The power of sustainable finance is, firstly, that it places a price on risks re-lated to sustainability issues; secondly, that investors can influence corporations in which they invest to apply more sustainable business practices.21 Therefore, sustainable finance is a strong incentive for companies to implement more sus-tainable business practices. For instance, socially responsible investors Interfaith Center on Corporate Responsibility and Christian Brothers Investment Services have their own code of conduct for the protection of children from sexual ex-ploitation in travel and tourism, to which all the companies with whom these investors are working have to abide.22
In some countries, central banks take an active role in enhancing sustainable finance. For example, in 2019 the Bank of Ghana published the Sustainable Banking Principles and urged banks to implement environmental and social risk management policies on projects financed by banks. Commercial banks are also beginning to adjust their lending policies in order to stimulate sustainable companies by giving discounts on loans for sustainable projects.23
20 See also the IFC Global Map of Environmental & Social Risks in Agro-Commodity Production tool: <https://gmaptool.org/.
21 Schoenmaker, D., Schramade, W., Principles of Sustainable Finance.
22 Mehra, A., Shay, K. (2016), Corporate Responsibility and Accountability for Modern Forms of Slavery.
23 ‘Climate Change, Central Banks and Financial Risk – IMF F&D | DECEMBER 2019’
<https://www.imf.org/external/pubs/ft/fandd/2019/12/climate-change-central-banks-and-financial-risk-grippa.htm> accessed 31 March 2020.
152 International Trade and Sustainable Development
Businesses today face significant pressure to be more sustainable not only from consumers and NGOs, but also from governments. Governments can play a key role in ensuring that sustainable supply chains include an adequate legal framework that protects the public interest and underpins responsible business practices, while monitoring business performance and compliance with regula-tory frameworks.24 Several countries have adopted laws that oblige companies to trace their value chains and ensure that there are no social or environmental issues associated with production. For instance, the UK adopted the Modern Slavery Act in 2015. Part 6 of the Act deals with Transparency in Supply Chains and obliges large companies25 operating in the UK to prepare annual Mod-ern Slavery Statements. The Statement should describe the company’s supply chains, modern slavery risk management policies, due diligence policies as well as performance indicators. The statement must be approved by the board of di-rectors and signed by a director or a CEO.26 While the Act has been criticized for not having a financial penalty for companies that do not comply with it, experts admit that it has triggered companies to develop or re-visit their sustainable sourcing practices with a special attention given to the modern slavery issue.27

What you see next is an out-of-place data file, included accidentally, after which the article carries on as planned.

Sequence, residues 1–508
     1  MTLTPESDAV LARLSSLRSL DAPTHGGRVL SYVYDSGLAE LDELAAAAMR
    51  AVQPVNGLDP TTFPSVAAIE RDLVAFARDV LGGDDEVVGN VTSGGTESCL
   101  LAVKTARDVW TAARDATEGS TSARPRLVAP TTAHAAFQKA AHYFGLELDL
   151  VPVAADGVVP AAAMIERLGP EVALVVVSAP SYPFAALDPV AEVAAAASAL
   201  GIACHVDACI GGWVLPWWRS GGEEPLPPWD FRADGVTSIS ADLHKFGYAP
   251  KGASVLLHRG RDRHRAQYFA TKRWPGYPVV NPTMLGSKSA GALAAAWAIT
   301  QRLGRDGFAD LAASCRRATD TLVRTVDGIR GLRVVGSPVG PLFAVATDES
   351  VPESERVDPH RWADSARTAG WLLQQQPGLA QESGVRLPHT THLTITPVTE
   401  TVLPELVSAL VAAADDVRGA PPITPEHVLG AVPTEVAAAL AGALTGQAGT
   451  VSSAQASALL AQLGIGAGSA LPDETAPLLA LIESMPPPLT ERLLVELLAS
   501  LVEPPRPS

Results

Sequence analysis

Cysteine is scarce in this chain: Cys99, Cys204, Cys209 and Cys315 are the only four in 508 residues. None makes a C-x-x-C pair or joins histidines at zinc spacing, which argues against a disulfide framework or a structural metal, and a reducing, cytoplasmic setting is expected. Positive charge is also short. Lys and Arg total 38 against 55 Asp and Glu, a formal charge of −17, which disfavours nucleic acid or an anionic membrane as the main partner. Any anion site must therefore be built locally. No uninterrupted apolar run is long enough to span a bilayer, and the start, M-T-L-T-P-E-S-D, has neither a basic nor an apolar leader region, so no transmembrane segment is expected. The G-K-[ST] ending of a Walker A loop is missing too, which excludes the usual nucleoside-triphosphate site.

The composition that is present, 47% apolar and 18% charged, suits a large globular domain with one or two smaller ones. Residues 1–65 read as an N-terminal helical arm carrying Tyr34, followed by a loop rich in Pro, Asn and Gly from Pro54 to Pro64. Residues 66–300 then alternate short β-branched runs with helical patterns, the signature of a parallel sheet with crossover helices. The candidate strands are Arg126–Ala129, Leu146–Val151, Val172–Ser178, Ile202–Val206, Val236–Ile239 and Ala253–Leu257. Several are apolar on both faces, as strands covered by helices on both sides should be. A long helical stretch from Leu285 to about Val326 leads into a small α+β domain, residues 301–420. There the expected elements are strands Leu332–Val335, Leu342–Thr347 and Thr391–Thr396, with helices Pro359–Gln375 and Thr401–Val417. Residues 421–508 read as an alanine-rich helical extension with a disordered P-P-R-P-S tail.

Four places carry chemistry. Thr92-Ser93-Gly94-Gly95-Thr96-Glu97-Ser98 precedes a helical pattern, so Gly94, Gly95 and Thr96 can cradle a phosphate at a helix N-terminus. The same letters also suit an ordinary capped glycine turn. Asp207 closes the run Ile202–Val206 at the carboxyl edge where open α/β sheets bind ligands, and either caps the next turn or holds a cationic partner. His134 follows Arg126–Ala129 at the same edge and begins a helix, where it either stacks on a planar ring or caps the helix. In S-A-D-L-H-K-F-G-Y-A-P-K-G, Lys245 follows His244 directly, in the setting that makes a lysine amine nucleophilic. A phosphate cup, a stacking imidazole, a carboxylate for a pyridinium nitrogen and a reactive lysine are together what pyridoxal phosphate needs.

In 2018 the French Parliament, following the UK’s example, adopted the French Law on Duty of Care (Loi relative au devoir de vigilance des sociétés mères et des entreprises donneuses d’ordre), which obliges French companies to demon-strate they have processes to address modern slavery issues as well as other issues related to human rights, health and safety and environment. Companies that fail to demonstrate compliance with the law would face a risk of financial penalty of up to EUR 10 million.28 A similar legislation is being discussed and prepared in Germany and Finland in 2020.29
Another example is the Dutch Agreement on Sustainable Garments and Tex-tile, whereby the Dutch companies are obliged to avoid the risks related to violation of human rights, worker health and safety, environmental protection
24 ‘Promoting Sustainable Global Supply Chains: International Standards, Due Dili-gence and Grievance Mechanisms’ (2017) Report <http://www.ilo.org/global/about- the-ilo/how-the-ilo-works/multilateral-system/g20/reports/WCMS_559146/lang--en/index.htm> accessed 31 March 2020.
25 Companies with a turnover of more than £36 million.
26 Modern Slavery Act, 2015 <http://www.legislation.gov.uk/ukpga/2015/30/part/6/
enacted> accessed 31 March 2020.
27 INDEPENDENT REVIEW OF THE MODERN SLAVERY ACT 2015. Joint submissi-on from Amnesty Internatisubmissi-onal UK, Anti-Slavery Internatisubmissi-onal, Business & Human Rights Resource Centre, CORE Coalition, Fairtrade Foundation, Freedom United and Share Action, 25 October 2018.
28 ‘France Adopts New Corporate “Duty of Care” Law | Ethical Trading Initiative’
accessed 31 March 2020.
29 ‘Corporate Due Diligence and Voluntary Standards – a Look Forward’ (ISEAL Al-liance) <https://www.isealalliance.org/sustainability-news/corporate-due-diligence-and-voluntary-standards-look-forward> accessed 31 March 2020.
153 and animal rights in the countries to which many businesses in the Netherlands outsource their production outside the European Union.30
Given its unique challenges, it becomes crucial for the governments to not only push for domestic legislations, but also to co-operate and negotiate with their trading partners to monitor sustainability across GVCs. The same can be achieved through multilateral/plurilateral agreements. Whereas multilateral negotiations are challenging, at the regional level, countries seem to be making some efforts. One such example is that of the “Agreement on Climate Change, Trade and Sustainability”(ACCTS) scheduled to be negotiated in early 2020 between and among the five-country group (including Norway, Iceland, Costa Rica, Fiji and New Zealand). Under the planned ACCTS, the countries involved will not only set out to slash barriers to trade in environmental goods and serv-ices and phase out their fossil fuel subsidies, but also encourage the promotion and application of voluntary eco-labelling programs and mechanisms.31